David Gelb's new documentary Jiro Dreams of Sushi examines the daily life of Jiro Ono; an 85 year old man widely regarded as the world's greatest sushi chef. Still propitiating his esteemed restaurant in his elder years, Jiro, along with his staff, cook and examine the food with absolute attention to detail. A prime example of the neurotic care Jiro puts into the sushi would be with his octopus, which must be messaged an hour before slaughter to receive maximum flavor. A true culinary genius, Jiro states that during childhood he would have grand dreamlike visions of unique sushi, which inspired him to sharpen his cooking skills to the point where sushi dominated his entire life; and still does. He is incredibly strict with his staff, harshly critiquing their best efforts for multiple months or years, and places intense pressure on his older children to remain sushi chefs, claiming surrendering the job will tarnish the Ono legacy. He is a man more driven by obsession with sushi perfectionism than anything else, and it's this, rather than understanding how Jiro creates his masterful meals, that is the documentary's greatest asset. However, rather portraying this culinary icon as the tragic prisoner of his own neurosis, Gelb is more content on showing us the sushi's development and inevitable consumption. It's a severe disappointment which transforms the documentary from Hertzogian character study to a visually dazzling, yet slightly emotionally hallow, "Food Channel" TV special.
Monday, April 23, 2012
It's often difficult to distinguish the boundary line between genius and obsession, as the two are often linked so tightly they're almost identical. Intellectual genius in a certain subject matter might originate from childhood infatuation, the psychological necessity for absolute perfection, the inextinguishable desire to be the greatest at perhaps any craft, or any circumstance or hypothetical situation. Unless born with an abnormally high IQ, such high intelligence in nearly any profession requires a maximum effort, which can only be achieved with the drive of obsession. This slightly unfortunate necessary stepping stone for greatness works favorably for the artist's work, but can also internally deteriorate its host. The iconic Italian painter Michelangelo was so fixated by his art, he knowingly ignored any attempt of self-maintenance, bathing for example, in favor of continuing perfecting his craft. Speculation states his death may've came as result.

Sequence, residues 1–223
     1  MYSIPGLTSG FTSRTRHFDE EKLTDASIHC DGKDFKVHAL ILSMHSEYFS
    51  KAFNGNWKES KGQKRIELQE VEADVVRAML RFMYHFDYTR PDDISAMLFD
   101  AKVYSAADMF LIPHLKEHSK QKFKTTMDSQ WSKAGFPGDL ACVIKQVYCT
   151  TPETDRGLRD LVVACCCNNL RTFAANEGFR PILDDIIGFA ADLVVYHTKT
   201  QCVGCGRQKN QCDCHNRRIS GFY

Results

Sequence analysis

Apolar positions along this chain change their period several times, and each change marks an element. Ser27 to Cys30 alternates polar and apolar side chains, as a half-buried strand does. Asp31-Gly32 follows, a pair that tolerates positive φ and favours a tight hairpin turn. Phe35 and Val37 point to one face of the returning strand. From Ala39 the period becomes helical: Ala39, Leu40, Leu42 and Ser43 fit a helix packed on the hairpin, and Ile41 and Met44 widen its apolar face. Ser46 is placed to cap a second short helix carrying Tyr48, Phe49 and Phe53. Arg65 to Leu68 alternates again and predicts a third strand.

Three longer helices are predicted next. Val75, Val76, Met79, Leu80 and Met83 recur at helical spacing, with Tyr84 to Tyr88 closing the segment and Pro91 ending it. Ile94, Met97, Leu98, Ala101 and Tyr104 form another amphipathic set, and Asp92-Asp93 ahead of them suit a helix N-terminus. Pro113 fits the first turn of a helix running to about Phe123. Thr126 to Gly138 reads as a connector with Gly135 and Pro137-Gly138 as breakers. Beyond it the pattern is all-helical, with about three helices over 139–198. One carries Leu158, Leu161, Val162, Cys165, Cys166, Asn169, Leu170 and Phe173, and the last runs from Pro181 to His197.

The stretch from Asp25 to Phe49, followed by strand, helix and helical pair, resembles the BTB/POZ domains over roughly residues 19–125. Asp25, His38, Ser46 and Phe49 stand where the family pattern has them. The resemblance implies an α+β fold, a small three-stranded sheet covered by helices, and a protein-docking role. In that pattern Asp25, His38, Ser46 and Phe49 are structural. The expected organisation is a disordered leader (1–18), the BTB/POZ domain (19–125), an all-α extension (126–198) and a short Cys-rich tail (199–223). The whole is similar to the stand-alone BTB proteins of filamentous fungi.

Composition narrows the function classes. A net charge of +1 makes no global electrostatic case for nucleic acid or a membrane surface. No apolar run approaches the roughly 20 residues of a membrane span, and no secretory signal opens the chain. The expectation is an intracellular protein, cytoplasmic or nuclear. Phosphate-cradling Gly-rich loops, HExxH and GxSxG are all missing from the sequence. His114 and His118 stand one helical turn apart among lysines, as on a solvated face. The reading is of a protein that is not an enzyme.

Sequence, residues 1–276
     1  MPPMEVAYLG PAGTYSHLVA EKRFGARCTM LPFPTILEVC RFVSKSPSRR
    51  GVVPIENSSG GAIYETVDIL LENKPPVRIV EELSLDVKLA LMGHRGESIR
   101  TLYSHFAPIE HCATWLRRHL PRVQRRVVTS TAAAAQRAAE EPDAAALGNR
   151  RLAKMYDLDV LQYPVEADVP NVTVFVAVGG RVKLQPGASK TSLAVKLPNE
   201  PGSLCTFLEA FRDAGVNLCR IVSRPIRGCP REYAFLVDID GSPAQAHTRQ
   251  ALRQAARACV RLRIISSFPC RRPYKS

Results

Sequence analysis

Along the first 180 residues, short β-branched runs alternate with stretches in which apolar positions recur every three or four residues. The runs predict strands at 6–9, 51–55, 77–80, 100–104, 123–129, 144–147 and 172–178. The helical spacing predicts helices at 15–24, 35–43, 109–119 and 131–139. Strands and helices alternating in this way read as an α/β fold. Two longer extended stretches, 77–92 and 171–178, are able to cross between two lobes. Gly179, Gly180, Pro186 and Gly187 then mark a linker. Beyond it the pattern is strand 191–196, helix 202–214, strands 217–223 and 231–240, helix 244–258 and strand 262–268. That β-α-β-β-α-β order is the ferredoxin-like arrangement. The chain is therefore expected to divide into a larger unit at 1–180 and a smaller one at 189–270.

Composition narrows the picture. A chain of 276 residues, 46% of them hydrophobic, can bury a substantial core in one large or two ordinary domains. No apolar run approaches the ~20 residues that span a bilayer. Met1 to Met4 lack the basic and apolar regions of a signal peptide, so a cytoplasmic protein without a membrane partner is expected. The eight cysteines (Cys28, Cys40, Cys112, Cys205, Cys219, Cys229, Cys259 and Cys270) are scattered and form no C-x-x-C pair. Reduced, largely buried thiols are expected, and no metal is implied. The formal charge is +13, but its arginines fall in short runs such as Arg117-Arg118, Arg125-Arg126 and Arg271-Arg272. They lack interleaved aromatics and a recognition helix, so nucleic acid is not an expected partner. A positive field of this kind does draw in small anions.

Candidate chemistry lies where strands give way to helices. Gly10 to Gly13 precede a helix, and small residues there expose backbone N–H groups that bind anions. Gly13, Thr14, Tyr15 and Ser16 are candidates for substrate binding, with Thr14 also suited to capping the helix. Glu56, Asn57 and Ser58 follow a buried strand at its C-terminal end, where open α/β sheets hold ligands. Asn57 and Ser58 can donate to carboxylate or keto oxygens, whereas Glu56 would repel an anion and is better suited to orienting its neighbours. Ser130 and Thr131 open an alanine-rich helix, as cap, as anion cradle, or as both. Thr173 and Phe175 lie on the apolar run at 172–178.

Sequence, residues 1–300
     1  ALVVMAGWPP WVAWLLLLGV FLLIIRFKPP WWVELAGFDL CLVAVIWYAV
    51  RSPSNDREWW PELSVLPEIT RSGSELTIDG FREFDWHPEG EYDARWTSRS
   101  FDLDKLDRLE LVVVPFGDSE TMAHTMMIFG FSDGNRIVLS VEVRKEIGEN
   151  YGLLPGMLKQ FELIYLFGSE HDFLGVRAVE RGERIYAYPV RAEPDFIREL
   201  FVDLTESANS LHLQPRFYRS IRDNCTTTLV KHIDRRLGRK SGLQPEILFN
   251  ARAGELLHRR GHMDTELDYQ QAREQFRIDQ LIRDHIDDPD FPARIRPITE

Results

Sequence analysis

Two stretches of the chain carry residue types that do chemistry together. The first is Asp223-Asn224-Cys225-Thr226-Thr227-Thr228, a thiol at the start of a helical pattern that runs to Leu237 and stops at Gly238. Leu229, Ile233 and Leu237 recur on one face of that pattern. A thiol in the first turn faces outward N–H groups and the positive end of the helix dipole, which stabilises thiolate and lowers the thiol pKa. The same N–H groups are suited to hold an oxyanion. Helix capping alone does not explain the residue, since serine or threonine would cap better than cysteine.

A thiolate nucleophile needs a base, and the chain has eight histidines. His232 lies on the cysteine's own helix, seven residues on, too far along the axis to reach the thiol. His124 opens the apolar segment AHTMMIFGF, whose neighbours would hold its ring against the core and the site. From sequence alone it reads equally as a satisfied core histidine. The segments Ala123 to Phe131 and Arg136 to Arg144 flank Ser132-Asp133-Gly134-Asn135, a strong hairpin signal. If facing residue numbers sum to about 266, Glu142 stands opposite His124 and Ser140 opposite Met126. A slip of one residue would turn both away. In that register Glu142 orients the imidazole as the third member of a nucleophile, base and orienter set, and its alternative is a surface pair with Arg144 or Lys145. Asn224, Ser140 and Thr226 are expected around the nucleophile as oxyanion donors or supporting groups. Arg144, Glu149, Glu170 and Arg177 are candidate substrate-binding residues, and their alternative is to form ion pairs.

Sunday, April 15, 2012
An infinite number of films, no matter the quality of their opening two thirds, crumble when attempting to reach a conclusion. Whether it be an imaginative action-comedy succumbing to generic violence during its final shootout (21 Jump Street), a romantic drama willing to twist reasonability and character logic for the titular lovers to be coupled by the end (Chico and Rita), or a romantic comedy inexplicably turning into a mediocre melodrama for, well, I'm not necessarily sure (Friends with Kids), no movie is immune to a final third collapse. The three films referenced under parentheses, for example, were each movies I greatly enjoyed until cases of third act self immolation. Because of the severe lack of subtlety in this introduction, it may be easy to conclude that the subject of this review fell victim to the "conclusion collapse", and you'd be completely right. This is the review of a decent, well acted thriller, which was going full throttle entertainment wise until the screenplay hit the brakes for a truly terrible culmination. Though that may've perhaps been the worst pun ever featured on the site, the ending of the film was probably a little worse. Before moving on, let that fact sink in a bit.